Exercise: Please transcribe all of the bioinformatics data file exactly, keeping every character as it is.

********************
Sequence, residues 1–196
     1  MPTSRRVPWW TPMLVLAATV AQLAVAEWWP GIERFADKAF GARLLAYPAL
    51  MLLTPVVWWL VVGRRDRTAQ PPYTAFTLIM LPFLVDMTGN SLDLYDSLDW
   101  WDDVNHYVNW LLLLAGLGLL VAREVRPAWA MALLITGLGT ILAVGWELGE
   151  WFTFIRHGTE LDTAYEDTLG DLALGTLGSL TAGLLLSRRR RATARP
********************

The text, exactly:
Sequence, residues 1–196
     1  MPTSRRVPWW TPMLVLAATV AQLAVAEWWP GIERFADKAF GARLLAYPAL
    51  MLLTPVVWWL VVGRRDRTAQ PPYTAFTLIM LPFLVDMTGN SLDLYDSLDW
   101  WDDVNHYVNW LLLLAGLGLL VAREVRPAWA MALLITGLGT ILAVGWELGE
   151  WFTFIRHGTE LDTAYEDTLG DLALGTLGSL TAGLLLSRRR RATARP